Lucy Charles-Barclay and Reece Barclay are both professional triathletes and husband and wife. Both were swimmers before converting to triathlon in 2014 having no background in running or cycling. They are now both successful professionals and Lucy has become one of the best triathletes in the world.

Their YouTube channel is worth a follow and this video in particular is worth a watch to see what a typical day of training if like for them as they get close to a race. I say “typical” but as the video was shot in lockdown it also shows how they are training and having to comply with COVID regulations.

Lockdown – One Year On – Part Two (Andrew)

I wrote a few entries a year ago and then decided not to publish them given the uncertainty over how COVID would affect everyone. It seems okay to publish it now to look back at this time last year.

We are living in historic times. Which is just like living in non-historic times except there are fewer books written about it.

Years from now people will look back and ask how we coped with lockdown. I can say this: “today, I cleaned out the shed and catalogued all of my old paint pots by room and colour. Result.”

I also emptied the shed and found a patio strimmer. I don’t even know what that does. Do patios need strimmed? Are they not made of concrete? How do you strim concrete with anything but dynamite? However as it’s in an unopened plastic box I can only imagine it was bought at a point when I did know what it was and thought I would need it but not at a point where whatever it did was actually required urgently as I never opened it. In fact, there was so much junk in the shed that behind the leaf blower – something else I’ve never used – I found the Ark of the Covenant. 

Today, my wife and I decided to go the local Morrisons for a weekly shop. I volunteered to go on my own as it seems selfish to both go together when shops are limiting numbers. We make a list of what we need for the week and think about taking latex gloves – another shed surprise (were we going to carry an operation in there?! Maybe an amputation with the patio strimmer?) – but decide against it as I’m not a serial killer.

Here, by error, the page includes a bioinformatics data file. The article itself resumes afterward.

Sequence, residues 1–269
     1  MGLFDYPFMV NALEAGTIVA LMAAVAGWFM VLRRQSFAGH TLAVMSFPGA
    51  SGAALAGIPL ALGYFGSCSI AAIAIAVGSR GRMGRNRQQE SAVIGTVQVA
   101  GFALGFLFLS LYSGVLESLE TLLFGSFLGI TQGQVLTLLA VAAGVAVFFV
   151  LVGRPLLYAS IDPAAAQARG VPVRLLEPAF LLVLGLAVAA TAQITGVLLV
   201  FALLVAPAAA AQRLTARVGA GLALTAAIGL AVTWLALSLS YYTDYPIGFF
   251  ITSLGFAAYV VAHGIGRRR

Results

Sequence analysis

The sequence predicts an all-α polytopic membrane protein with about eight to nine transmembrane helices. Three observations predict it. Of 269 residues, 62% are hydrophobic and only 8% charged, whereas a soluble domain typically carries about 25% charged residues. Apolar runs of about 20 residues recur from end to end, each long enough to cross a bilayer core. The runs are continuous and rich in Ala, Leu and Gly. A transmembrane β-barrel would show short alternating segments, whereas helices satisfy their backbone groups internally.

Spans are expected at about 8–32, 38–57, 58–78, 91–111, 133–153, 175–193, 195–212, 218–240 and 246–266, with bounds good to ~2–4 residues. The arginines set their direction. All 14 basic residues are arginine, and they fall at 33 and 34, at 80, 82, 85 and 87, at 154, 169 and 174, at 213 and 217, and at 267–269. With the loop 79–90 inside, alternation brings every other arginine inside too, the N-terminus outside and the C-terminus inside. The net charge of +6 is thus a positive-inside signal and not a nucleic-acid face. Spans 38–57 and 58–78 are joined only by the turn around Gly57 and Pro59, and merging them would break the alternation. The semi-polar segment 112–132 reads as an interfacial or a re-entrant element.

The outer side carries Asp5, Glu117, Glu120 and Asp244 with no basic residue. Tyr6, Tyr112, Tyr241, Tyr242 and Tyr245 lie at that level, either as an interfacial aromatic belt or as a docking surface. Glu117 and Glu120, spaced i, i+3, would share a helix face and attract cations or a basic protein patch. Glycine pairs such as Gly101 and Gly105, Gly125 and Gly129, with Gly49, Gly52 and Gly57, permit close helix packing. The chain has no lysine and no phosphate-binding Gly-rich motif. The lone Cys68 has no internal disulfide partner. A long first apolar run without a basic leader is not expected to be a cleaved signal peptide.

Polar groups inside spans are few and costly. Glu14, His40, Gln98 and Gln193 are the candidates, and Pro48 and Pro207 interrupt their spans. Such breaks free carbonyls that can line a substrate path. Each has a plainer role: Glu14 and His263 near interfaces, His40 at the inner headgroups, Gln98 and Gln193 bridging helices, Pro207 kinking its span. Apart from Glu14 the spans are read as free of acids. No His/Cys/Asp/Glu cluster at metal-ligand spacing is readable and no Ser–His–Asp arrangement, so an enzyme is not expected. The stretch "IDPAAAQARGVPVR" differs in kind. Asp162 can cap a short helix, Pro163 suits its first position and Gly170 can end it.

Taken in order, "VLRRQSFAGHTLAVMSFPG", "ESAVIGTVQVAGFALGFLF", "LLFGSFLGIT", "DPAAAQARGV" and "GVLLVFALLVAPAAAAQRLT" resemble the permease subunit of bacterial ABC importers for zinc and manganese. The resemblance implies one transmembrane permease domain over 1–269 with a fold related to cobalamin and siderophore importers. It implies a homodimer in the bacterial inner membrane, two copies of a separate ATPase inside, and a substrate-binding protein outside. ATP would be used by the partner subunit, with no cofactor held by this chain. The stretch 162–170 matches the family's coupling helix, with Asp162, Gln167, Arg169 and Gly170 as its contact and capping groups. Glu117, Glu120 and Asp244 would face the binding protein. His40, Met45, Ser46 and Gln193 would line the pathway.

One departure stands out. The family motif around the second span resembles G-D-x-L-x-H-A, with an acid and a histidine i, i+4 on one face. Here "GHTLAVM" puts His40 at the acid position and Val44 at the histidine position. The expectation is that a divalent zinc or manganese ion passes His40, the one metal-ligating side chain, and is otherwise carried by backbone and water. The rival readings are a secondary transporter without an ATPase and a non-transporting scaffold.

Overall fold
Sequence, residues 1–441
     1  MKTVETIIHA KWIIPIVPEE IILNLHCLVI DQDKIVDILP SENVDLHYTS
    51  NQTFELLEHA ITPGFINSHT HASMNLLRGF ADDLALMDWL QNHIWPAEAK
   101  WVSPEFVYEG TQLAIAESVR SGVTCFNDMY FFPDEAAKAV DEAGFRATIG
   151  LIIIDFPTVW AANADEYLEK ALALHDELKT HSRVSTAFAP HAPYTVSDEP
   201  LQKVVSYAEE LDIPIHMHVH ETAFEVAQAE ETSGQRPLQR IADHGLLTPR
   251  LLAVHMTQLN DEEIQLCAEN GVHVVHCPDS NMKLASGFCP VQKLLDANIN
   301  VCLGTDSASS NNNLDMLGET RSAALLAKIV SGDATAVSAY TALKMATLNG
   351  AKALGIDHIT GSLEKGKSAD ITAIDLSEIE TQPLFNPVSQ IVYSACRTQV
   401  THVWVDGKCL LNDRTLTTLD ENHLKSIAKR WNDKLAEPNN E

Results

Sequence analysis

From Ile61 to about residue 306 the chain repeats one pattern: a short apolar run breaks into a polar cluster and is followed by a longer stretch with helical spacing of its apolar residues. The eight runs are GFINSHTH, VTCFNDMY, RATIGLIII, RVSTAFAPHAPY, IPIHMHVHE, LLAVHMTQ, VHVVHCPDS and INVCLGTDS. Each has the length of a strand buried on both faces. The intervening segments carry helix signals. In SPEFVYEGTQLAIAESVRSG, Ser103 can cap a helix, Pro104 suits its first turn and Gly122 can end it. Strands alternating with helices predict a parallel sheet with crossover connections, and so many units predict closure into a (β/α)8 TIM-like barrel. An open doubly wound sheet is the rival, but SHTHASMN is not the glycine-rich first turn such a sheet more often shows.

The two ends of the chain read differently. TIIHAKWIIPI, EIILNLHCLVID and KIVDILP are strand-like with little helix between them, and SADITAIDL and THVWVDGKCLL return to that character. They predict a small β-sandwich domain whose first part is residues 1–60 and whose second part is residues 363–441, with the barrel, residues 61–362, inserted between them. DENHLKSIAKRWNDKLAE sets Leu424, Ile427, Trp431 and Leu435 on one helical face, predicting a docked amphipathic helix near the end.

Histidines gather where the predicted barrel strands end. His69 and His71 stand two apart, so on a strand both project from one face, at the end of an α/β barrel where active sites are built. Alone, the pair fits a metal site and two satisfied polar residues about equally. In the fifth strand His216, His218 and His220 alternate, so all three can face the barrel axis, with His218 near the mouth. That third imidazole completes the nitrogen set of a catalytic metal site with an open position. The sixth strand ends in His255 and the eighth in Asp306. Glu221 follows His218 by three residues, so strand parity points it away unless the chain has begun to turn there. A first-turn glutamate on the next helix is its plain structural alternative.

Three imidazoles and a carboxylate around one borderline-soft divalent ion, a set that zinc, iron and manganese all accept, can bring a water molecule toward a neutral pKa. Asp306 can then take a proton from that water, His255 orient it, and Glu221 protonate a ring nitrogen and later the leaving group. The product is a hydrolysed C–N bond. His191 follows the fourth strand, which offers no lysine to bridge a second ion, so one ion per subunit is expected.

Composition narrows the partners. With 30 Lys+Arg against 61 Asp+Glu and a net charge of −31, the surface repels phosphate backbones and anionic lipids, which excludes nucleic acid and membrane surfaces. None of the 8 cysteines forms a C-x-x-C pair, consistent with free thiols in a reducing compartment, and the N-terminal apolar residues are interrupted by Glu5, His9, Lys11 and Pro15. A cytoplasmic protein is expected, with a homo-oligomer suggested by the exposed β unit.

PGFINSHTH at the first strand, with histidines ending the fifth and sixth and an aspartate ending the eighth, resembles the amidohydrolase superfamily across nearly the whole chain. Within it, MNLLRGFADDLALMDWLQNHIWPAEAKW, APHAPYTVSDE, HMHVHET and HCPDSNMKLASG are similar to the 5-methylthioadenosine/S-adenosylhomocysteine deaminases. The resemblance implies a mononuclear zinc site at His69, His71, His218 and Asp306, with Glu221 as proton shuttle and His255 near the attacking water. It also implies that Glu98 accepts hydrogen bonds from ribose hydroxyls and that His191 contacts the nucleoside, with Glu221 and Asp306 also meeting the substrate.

Outside Morrisons there are barriers set up to direct people to queue to get in. We stand two metres apart, self  isolating, until one man walks out the shop, and decides to push his trolley back along the queue rather than going straight out into the car park. It’s like watching the boulder coming towards me from Indiana Jones and the Raiders of the Lost Ark. Do I run? Jump out of the way? Or just let it flatten me? Luckily I’m next to a gap in the barrier and he takes his plaguemobile out of it. 

Inside the store a couple wander round the veg aisle touching carrots and onions and saying “These are no good. Not this one.” Well, not now you’ve touched them!

Another man walks round in a white tracksuit and a Burberry checked facemask. I might not be able to see his face but at least I can still tell he’s Glaswegian.

At the checkout I ask if the store has been busy today. “It wasn’t safe earlier,” said the man at the checkout, “but they’ve reduced the numbers coming in and it’s okay now”. Oh, that’s good, because Coronavirus is like a cool party. Once people leaves, it’s doesn’t hang around. (This may not be medically accurate).

I then drive home with an itchy nose. I don’t touch it. At home I try and open the groceries with my hand wrapped in an arm of my jumper, which I’ve pulled down.

“That’s smart,” said Mrs TwinBikeRun, “now you won’t get the virus from that jar of Jalapenos.”

“Exactly!” I said.

“You’ll just get it on your jumper sleeve that you’ll wear for the rest of the night instead.”

I throw my jumper somewhere I know I’ll never touch it again: the shed.  

Lennox Castle (Iain)

Lennox castle was built in the 1830s.

Lennox Castle Hospital
Lennox Castle

In 1936 it became Lennox Castle Hospital.The largest and best equipped hospital of its kind in Britain. The hospital cost over £1 million to build, 

At its peak in the 1970s over 1700 people were crammed into the sparse accommodation.

Conditions were so bad that in even the hospital’s medical director said he had never worked in “a worse pit”.

There is a good history of the site here https://historic-hospitals.com/2015/05/01/lennox-castle/#:~:text=LENNOX%20CASTLE%20HOSPITAL%2C%20LENNOXTOWN%20Lennox,to%20designs%20by%20David%20Hamilton.

The hospital site

You can find the details of a rugged run that passes by the castle here https://twinbikerun.com/2020/02/10/rugged-run-lennox-forrest/

Film Friday: Bob Graham: Ultra Running Documentary

The Bob Graham Round ultra running challenge is a challenge to run up and down 42 mountains (aka Fells) in the Lake District within 24 hours. The challenge is named after the first person to complete it back in June 1932, Bob Graham, a guest house owner. For the next 90 years he would have be pleased that other people have followed in his footsteps as his challenge inspires people to travel to the Lake District to complete it – and he can rent them a room when they arrived. It should be called the Bob Graham Advert.

This documentary about the Bob Graham Round follows Danish runner Kristina Madsen as she attempted the round in 2019. I’ve read a number of books about the challenge and they all say the same thing: if you’re attempting the challenge there will be a big community of runners willing to help you. Previous racers, local runners who know the fells, everyone will go out of their way to help anyone trying the challenge. And this documentary is no different, it shows the problems she had when some of her support pulled out, the people who stepped into help her, and it shows how grateful she is for everyone’s support. It’s nice. Very nice. But…

… wouldn’t it be great to see just one film where someone turns round and says “why are you talking about my support crew, they didn’t run it/cycle it or swim the Atlantic – I did! It was all me! I am the greatest!”

Humble is nice but it would make a change to see Kanye West or Donald Trump complete the Bob Graham.